The 614th Bombardment Squadron was activated March 1943 at Ephrata Army Air Base Washington as one of the original squadrons of the 401st Bombardment Group. The initial cadre for the squadron was drawn from the 395th Bombardment Group at Ephrata and the 383d Bombardment Group at Rapid City Army Air Field, South Dakota. The cadre soon departed for Orlando Army Air Base, Florida, where they conducted simulated combat missions with the Army Air Forces School of Applied Tactics out of Brooksville Army Air Field.
The ground echelon moved to Geiger Field, Washington in May 1943 and to Great Falls AAB, Mount in July. At Great Falls the first combat crews were assigned to the squadron. In the final stage of training the squadrons dispersed with the 614th training at Glasgow Army Air Field.
After completing training the ground echelon left for overseas on 19 October 1943. After staging at Camp Shanks, New York they embarked on the RMS Queen Mary and sailed on 27 October disembarking at Greenock on the Firth of Clyde on 3 November 1943. The air echelon staged for deployment at Scott Field, Illinois then flew to England under the control of Air Transport Command via Newfoundland, Iceland and Scotland.
On arrival in England, half of the 401st group's aircrews were immediately reassigned to the 351st Bombardment Group. The rest of the squadron became part of Eighth Air Force at RAF Deenethorpe. The 614th became part of the 92d Combat Bombardment Wing of the 1st Bombardment Division. Its tail code was Triangle-S.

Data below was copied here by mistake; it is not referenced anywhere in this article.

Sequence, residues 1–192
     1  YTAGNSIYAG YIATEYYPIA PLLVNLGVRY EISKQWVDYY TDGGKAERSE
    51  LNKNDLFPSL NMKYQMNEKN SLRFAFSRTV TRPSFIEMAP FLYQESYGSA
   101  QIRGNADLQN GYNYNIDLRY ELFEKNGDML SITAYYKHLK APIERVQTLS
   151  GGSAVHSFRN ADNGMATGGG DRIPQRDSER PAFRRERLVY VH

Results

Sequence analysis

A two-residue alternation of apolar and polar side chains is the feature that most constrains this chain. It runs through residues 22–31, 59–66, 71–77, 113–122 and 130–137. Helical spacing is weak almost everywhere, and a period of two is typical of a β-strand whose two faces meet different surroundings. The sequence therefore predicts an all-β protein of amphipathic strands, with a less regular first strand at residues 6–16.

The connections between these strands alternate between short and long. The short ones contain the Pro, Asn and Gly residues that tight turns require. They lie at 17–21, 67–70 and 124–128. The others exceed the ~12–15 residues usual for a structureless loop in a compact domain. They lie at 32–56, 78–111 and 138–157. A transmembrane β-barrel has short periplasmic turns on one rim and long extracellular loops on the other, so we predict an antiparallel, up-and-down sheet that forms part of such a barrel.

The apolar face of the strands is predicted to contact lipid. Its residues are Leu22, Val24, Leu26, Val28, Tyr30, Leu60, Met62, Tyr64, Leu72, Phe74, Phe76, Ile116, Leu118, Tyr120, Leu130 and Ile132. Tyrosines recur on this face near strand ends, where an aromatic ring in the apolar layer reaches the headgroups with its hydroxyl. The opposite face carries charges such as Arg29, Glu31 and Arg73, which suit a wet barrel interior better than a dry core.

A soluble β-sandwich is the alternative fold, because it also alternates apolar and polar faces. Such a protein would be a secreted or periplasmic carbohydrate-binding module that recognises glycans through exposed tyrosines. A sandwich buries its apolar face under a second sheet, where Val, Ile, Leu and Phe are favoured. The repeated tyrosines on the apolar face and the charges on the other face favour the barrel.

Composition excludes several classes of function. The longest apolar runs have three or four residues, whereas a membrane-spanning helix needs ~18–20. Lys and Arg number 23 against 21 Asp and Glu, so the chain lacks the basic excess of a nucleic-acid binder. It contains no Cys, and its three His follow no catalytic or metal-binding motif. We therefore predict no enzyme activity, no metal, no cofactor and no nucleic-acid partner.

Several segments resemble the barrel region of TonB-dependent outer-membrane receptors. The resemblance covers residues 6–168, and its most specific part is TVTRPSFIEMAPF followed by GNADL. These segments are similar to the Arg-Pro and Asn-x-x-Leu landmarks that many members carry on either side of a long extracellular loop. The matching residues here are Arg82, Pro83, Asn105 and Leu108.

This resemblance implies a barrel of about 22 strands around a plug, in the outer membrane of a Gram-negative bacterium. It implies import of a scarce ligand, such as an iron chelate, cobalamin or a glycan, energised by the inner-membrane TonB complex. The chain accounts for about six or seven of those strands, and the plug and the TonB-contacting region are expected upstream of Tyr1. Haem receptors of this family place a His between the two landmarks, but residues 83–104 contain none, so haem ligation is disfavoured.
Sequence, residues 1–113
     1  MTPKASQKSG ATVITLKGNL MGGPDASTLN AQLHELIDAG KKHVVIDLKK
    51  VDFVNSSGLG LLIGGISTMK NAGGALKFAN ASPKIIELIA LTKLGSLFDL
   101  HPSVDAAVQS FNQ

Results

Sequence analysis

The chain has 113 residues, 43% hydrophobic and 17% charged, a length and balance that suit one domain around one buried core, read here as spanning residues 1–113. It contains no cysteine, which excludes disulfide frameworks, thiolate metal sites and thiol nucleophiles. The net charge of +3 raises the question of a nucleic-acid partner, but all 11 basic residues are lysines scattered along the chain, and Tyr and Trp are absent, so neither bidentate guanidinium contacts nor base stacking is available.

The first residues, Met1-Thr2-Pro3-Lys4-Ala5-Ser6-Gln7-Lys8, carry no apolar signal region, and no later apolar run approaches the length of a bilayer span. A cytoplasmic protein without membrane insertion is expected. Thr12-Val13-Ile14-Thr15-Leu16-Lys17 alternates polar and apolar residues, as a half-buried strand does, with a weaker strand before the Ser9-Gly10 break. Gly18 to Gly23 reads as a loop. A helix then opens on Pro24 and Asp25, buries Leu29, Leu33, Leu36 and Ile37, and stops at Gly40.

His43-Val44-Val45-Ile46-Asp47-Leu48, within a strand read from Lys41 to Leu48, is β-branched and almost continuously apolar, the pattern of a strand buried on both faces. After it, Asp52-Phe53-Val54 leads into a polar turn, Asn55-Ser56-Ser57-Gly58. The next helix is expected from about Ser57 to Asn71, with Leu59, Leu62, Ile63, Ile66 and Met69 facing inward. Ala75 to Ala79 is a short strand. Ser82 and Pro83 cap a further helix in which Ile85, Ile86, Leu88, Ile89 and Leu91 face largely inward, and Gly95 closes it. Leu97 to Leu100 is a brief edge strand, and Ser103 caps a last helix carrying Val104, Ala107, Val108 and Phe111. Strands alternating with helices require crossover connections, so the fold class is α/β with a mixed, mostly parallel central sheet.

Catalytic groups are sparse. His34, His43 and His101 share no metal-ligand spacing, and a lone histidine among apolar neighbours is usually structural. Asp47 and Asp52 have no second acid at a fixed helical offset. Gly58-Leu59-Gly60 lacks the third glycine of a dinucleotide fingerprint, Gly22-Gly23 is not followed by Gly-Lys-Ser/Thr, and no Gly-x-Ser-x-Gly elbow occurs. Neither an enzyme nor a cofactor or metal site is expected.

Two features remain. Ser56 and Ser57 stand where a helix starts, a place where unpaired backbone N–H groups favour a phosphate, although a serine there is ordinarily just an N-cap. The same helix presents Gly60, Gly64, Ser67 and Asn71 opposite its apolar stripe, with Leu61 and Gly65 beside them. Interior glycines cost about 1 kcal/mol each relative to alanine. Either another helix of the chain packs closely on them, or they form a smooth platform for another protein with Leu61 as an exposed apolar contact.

On 26 November the 614th flew its first combat mission against Bremen, Germany. The 401st group did not suffer the combat loss of an airplane until its ninth mission on 30 December. The squadron operated chiefly against strategic targets, bombing industries, submarine facilities, shipyards, missile sites, marshalling yards, and airfields. On 11 January 1944 the squadron was in the lead group of the 1st Bombardment Division in an attack against aircraft manufacturing facilities at Ochsersleben, Germany. Although the bombers were able to attack, poor weather conditions prevented the division from receiving effective fighter cover. For over three hours the bomber formation suffered more than 400 attacks by Luftwaffe fighters, including air-to-air rocket attacks. Despite these attacks the unit continued its attack and struck a telling blow against German aircraft production for which the squadron was awarded the Distinguished Unit Citation (DUC).
A little over a month later, on 20 February, the squadron earned its second DUC for an attack on the Erla Maschinenwerke aircraft manufacturing facilities in Leipzig, Germany. Despite fighter attacks and battle damage to the 614th's planes, 100% of the unit's bombs fell within 1000 feet of the aiming point. Beginning in October 1944, the unit concentrated its attacks on Axis oil reserves.
In addition to strategic missions, squadron operations included attacks on transportation, airfields, and fortifications prior to the Normandy invasion. On D-Day the 614th attacked Normandy beachhead areas dropping bombs five minutes before troops landed. The following month it provided close air support for the breakthrough at Saint-Lô, it also supported the siege of Brest in August and Operation Market Garden in September. During the Battle of the Bulge in December 1944 and January 1945, the unit attacked transportation and communications in the battle area. It supported airborne forces involved in Operation Varsity in March 1945.